Jean-Michel Othoniel decodes the secret language of flowers in the Louvre’s collections
The artist has published a new book about the flowers within the storied Paris museum’s art collection, alongside an intervention of new paintings in its glass-roofed French sculpture hall
Jean-Michel Othoniel has a fascination with flowers. Long before the French artist became known for his joyful, gold-plated fountain in the gardens of Versailles and his cascading wave of Indian glass bricks, he was already exploring floral motifs, explaining, ‘My first works played with anemones buried in sulphur, cut and dissected pomegranates, flower petals pinned to walls.’ This fascination led him to amass extensive notes on the history of plants, and develop a habit of photographing his favourite species. Flowers, in his view, ‘are a way of looking at the world – and an expression of my desire to see the marvels that surround us’.
So it makes perfect sense that his new intervention at the Louvre would focus on flowers and their hidden meanings. Unveiled to coincide with the 30th anniversary of IM Pei’s grand pyramid, Othoniel’s project comprises two parts: a book about the flowers within the museum’s collections, and a series of original paintings installed in the glass-roofed Cour Puget.
Titled The Secret Language of Flowers: Notes on the Hidden Meanings of the Louvre’s Flowers, the petite volume is just that. A compendium of painstakingly researched notes on 99 floral species, each titled by its common and scientific names, with a small photograph above and text underneath referring to its geographical origins, its place in ancient mythology and religious tradition, its cultural associations, and the role it has come to play in the history of art. The genius lies on the page opposite the text, displaying a full-bleed detail shot of an artwork in the Louvre in which the species is shown. Othoniel spent 18 months researching and photographing these artworks, roaming the galleries every Tuesday (when the museum was closed to the public) and delving into all eight curatorial departments.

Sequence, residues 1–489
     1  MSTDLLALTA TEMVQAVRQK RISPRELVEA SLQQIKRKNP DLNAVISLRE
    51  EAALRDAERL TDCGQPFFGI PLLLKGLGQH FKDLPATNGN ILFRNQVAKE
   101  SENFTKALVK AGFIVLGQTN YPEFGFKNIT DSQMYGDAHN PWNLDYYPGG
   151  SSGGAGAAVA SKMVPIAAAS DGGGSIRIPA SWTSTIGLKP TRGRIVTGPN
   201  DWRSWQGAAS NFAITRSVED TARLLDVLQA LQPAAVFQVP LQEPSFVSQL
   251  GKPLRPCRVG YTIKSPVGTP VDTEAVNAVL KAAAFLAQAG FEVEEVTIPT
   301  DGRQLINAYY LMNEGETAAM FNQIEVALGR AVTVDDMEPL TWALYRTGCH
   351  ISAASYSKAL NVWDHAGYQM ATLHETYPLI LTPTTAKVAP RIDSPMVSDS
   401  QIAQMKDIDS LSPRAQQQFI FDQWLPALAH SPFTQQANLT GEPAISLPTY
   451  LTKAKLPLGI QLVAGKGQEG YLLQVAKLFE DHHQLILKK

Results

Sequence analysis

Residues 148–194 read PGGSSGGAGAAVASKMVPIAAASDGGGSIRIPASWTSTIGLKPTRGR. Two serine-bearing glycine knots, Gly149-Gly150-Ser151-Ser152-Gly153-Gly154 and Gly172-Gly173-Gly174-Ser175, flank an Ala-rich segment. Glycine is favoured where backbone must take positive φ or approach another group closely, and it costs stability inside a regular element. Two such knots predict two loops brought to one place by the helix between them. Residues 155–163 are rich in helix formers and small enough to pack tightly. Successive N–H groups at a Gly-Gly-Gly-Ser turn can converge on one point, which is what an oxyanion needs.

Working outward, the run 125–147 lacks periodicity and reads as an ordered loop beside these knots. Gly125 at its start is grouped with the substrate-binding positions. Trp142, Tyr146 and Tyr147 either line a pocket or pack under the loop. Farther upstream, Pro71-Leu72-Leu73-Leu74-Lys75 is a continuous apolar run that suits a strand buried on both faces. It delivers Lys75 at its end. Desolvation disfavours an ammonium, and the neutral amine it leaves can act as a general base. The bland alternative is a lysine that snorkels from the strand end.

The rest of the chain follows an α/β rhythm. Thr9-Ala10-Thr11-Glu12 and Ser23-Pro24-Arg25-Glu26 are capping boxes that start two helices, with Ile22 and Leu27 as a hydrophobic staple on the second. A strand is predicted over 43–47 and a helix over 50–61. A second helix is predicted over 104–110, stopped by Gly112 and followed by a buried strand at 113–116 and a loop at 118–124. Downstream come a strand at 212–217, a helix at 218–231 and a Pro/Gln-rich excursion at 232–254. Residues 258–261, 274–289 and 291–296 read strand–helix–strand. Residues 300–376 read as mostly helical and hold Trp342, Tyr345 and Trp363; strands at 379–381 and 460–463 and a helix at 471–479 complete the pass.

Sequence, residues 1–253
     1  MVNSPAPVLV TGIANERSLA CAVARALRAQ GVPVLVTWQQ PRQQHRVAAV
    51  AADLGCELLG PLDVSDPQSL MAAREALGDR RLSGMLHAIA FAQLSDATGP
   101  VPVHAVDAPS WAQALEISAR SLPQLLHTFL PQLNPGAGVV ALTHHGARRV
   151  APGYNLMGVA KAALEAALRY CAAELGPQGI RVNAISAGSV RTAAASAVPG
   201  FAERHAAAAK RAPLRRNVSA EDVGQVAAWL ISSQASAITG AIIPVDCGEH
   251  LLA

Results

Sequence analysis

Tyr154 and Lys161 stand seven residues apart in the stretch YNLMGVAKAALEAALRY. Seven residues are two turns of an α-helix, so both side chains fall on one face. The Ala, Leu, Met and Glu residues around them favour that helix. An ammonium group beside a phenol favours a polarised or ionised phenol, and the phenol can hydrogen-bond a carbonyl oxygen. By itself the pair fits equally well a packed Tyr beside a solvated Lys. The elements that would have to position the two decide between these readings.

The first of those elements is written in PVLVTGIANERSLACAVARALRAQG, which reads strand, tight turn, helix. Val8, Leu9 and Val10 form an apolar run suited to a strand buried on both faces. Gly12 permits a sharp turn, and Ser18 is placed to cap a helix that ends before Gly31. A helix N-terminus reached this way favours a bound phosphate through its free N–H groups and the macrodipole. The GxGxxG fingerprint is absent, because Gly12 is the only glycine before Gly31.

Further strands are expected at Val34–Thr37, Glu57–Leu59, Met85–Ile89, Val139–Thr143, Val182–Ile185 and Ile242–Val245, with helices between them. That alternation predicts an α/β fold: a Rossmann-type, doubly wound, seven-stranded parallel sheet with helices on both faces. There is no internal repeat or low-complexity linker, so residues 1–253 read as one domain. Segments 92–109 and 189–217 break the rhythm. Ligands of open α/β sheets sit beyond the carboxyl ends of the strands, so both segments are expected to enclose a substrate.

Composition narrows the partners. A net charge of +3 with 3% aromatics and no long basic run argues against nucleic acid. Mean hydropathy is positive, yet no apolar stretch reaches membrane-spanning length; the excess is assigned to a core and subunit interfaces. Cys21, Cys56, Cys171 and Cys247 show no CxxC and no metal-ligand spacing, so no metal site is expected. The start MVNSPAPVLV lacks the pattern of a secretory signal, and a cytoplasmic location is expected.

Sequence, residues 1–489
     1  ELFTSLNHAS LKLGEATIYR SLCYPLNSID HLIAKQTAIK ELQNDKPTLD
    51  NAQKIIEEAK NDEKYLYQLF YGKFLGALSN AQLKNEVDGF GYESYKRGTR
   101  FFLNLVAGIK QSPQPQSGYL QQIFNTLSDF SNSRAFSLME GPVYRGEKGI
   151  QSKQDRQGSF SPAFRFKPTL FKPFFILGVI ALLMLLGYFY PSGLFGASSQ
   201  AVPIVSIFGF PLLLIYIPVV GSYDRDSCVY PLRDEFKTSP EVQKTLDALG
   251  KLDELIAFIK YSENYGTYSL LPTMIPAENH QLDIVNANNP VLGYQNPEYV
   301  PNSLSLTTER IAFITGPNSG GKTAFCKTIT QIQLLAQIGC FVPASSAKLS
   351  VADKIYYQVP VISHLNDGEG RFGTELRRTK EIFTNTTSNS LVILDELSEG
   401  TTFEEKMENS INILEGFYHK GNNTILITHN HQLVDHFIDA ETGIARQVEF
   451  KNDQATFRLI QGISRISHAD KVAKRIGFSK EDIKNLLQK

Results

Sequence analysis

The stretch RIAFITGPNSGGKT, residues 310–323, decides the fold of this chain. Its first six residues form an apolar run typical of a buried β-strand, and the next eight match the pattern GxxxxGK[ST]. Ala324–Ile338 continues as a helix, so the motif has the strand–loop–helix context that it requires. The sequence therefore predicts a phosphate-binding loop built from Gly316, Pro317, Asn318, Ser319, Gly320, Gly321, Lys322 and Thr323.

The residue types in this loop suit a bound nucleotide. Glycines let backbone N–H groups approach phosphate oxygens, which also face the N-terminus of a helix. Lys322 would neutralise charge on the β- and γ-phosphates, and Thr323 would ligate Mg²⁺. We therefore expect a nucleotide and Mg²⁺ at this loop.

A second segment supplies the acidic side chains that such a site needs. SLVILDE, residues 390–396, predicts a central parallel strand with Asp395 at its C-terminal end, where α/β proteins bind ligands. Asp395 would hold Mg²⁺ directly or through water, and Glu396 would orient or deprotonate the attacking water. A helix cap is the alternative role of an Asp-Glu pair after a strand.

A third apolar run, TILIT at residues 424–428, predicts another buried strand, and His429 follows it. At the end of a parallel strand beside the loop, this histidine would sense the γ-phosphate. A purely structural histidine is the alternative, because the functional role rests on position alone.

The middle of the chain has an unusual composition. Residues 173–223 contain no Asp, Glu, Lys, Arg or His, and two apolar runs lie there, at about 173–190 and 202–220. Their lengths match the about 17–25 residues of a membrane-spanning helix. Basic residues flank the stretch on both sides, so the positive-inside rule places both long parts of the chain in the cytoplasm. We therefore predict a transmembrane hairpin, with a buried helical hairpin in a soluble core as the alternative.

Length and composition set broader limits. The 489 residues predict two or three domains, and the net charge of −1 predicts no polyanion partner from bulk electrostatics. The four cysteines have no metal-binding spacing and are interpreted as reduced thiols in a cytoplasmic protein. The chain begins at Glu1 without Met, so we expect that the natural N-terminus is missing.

The featured artworks, then, range from an Assyrian frieze, showing a winged spirit with pine cone in hand; a 17th-century Delft ceramic plate, painted with Chinese chrysanthemums; Da Vinci’s The Virgin of the Rocks, which has white irises in the foreground as the Virgin Mary cradles the infant Jesus; and Tiepolo’s Apollo and Daphne, which sees Daphne being transformed into a laurel tree. With the simple, yet deft pairing of artwork and contextual information, Othoniel unlocks a visual vocabulary that has often been neglected, and presents the reader with a new lens through which to appreciate historic masterpieces.
One work captured the artist’s imagination above the rest – a painting from Peter Paul Rubens’ fabled Marie de’ Medici cycle (above), depicting the Florentine princess at her proxy wedding to King Henry IV (the ceremony took place in the Cathedral of Florence, with the bride’s uncle standing in for the French king, who couldn’t personally attend). On the steps of the altar, upholstered in a regal red, Rubens drew a single rose that had ostensibly fallen from the wedding wreath, its petals unfurling in vivid detail. ‘A rose that is the art of painting itself, with lightning brushstrokes, shattering the colours of the canvas,’ describes Othoniel. ‘Blood red, illuminated by white, symbol of passion and power, of erudition and sensuality, this rose is the rose of mystery, the flower of the Louvre.’
And so Othoniel created his new paintings, six in total, in homage to Marie de’ Medici’s rose. Each shows a single rose, abstracted into a mighty swirl of beaded forms and drawn in ink on a gleaming golden canvas. Displayed in the niches of the Cour Puget, amid the finest examples of outdoor statuary, Othoniel’s intervention is a fitting homage to the glory of France, to a queen who would become the nation’s foremost patron of the arts, and to the Louvre, a cultural institution that holds a special place in many hearts.
Indeed, La Rose du Louvre has been a homecoming for Othoniel himself. ‘As a student, I worked as an attendant at the Louvre. I guarded the paintings, monitored the visitors, and even cleaned the galleries,’ he recalls. ‘So it’s very moving to have a show here, 30 years later.’ §